Section 2 of the Oxford TSA is marked on an individual basis. Oxford states that “the people marking these tests do not have a ‘right answer’ in mind, nor a set list of points to be made. The marker need not have any answer of their own in mind at all, and, even if they do, they might be persuaded otherwise by a good argument from an applicant.”

What is a good TSA score?

It is not possible to define exactly what a ‘good’ TSA score is in terms of marks because the scale changes from year to year depending on the scores of the particular cohort of candidates. However, the TSA scale is designed so that typical applicants to the most selective undergraduate university courses in the UK will score around 60 (on a scale of 0-100). The very best applicants will score above 70, according to Cambridge Assessment Admissions Testing, with less than 3% of applicants achieving scores above 80.

We can also look to the average scores of successful applicants to top universities to determine what score you should be aiming for. The table below shows the average scores of successful applicants to Oxford (UCL does not publish data on its TSA results):

UniversityAverage score among successful applicants
Oxford (all courses)75.14 (2020)

The following table shows a breakdown of the average scores among successful applicants to the three competitive Economics courses at Oxford:

Course (Oxford)Average score among successful applicants (2020)
Philosophy, Politics, and Economics (PPE)75.39
History and Economics72.8
Economics and Management74.84

At the University of Oxford, for particularly competitive courses such as PPE (Politics, Philosophy and Economics), your TSA score, A levels and GCSE grades are weighted significantly greater than your UCAS personal statement and even your teacher’s reference. There is no hard cut-off TSA score for acceptance, but no candidates with a TSA score less than 60 were offered places at Oxford in 2021. Therefore, in order to be competitive and stand out to Oxford or UCL, you should be aiming for a score above 70.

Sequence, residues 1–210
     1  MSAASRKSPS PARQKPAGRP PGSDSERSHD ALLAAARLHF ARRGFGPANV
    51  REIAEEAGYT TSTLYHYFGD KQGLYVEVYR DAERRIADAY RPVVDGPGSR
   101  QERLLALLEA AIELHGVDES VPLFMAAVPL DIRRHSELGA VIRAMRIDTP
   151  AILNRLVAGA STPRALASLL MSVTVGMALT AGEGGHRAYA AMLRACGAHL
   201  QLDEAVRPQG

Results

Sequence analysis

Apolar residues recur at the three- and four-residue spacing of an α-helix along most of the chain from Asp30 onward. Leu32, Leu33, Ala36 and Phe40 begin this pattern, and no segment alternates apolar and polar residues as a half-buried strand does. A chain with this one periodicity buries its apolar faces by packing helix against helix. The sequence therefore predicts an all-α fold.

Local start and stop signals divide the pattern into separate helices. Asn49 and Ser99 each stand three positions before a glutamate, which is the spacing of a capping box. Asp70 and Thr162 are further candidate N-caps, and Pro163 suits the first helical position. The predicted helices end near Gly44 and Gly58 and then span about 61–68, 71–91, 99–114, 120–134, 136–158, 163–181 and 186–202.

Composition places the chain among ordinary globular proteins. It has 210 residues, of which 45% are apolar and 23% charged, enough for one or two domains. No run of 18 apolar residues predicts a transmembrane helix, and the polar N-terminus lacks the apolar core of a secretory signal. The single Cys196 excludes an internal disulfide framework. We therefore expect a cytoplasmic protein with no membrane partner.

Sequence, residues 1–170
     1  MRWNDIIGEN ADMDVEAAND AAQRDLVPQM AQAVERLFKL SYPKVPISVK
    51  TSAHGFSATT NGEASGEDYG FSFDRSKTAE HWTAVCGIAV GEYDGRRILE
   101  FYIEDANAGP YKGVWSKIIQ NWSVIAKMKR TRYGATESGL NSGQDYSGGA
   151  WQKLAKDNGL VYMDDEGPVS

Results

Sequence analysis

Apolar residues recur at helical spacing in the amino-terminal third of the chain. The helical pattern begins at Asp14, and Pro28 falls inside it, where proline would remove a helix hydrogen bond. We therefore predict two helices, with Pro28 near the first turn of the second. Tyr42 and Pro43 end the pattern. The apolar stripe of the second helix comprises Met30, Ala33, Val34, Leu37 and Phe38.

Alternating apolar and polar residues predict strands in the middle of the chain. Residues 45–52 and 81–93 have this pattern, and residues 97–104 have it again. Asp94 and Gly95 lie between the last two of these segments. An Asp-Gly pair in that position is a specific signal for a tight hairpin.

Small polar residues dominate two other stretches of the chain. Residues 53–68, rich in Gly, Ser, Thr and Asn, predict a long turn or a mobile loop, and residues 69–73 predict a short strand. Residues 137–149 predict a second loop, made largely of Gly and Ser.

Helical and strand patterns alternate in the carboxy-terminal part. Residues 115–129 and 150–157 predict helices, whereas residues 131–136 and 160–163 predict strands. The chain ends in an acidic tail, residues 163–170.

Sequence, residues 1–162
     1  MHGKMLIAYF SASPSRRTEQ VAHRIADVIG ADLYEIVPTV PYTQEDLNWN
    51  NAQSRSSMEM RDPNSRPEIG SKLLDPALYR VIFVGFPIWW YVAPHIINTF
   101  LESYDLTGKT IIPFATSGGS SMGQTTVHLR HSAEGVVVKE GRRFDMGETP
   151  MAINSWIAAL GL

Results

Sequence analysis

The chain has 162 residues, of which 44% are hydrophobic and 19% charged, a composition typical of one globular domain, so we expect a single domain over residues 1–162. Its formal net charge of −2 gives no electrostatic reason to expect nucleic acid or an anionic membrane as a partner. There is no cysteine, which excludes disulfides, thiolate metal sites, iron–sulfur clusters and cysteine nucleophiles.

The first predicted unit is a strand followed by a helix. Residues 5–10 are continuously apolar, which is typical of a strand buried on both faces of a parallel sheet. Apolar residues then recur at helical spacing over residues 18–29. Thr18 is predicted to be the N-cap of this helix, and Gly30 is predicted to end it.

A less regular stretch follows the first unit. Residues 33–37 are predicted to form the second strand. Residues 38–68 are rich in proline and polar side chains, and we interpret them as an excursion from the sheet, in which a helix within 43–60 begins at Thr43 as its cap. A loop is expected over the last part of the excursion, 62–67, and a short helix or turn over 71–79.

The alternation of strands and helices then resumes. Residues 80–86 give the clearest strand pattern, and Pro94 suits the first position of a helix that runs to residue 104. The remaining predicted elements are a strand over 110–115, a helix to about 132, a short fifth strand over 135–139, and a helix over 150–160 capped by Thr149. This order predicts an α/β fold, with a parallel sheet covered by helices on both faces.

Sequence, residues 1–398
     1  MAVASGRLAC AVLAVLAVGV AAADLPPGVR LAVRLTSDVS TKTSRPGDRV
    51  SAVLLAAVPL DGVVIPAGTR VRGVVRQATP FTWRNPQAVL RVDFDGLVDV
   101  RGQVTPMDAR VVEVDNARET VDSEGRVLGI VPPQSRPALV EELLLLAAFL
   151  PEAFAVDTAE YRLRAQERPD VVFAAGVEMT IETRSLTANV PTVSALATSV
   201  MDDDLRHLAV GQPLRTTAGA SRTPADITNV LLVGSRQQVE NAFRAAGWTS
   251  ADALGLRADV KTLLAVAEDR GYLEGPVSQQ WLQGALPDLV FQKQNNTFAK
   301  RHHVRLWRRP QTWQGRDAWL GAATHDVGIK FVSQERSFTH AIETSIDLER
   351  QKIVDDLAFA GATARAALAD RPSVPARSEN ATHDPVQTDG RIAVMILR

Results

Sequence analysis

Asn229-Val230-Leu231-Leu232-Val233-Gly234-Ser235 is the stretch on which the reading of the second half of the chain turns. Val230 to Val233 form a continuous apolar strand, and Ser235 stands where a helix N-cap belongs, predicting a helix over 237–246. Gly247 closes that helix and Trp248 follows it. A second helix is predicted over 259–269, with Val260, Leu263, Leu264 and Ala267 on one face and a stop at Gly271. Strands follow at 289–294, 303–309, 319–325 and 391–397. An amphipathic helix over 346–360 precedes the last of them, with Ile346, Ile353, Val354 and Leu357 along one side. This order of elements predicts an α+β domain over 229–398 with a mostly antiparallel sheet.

When is the TSA exam?

TSA Oxford takes place after the Oxbridge application deadline, in October, in early November. TSA UCL takes place after the UCAS application deadline in January and March. You will be told which test to register for by UCL.

How do you register for the TSA?

Registration for the TSA isn’t automatic; just completing your UCAS application won’t register you for the test. Instead, to register for the TSA, you’ll need to speak to your exams officer to find out if your school is a registered test centre. If it is, your exams officer will be able to register you for the TSA. If it is not, you can find a local authorised test centre to take the exam through.

If you are applying to UCL, the process is slightly different. UCL makes offers to a few exceptional candidates on the basis of their UCAS application alone – these students will not need to take the TSA. The candidates who are required to take the TSA will be contacted by UCL via email with details on how to register for the test. UCL TSA candidates are able to take the TSA on their own computer at home or at another suitable location and will be monitored by a remote proctor.

When should you register for the TSA?

Test centres can begin registering candidates for the Oxford TSA from early September. Registration for the TSA then closes at the end of September.

TSA UCL takes place after the UCAS application deadline in January and March. You will be told which test to register for and when to register by in an email from UCL.

How much does the TSA cost?

Cambridge Assessment Admissions Testing does not charge candidates to take the TSA. Some (but not all) test centres may charge an administration fee to cover the cost of invigilation and room hire which are essential for running the test, so you’ll need to contact your test centre or exams officer for details. There is no cost to sit TSA at UCL.

When can you find out your TSA results?

The University of Oxford releases candidates’ TSA results in early January. You will be issued a statement of results via Cambridge Assessment Admissions Testing’s Results Online system. You may request feedback on your test results from the relevant Oxford college as part of Oxford’s usual feedback process.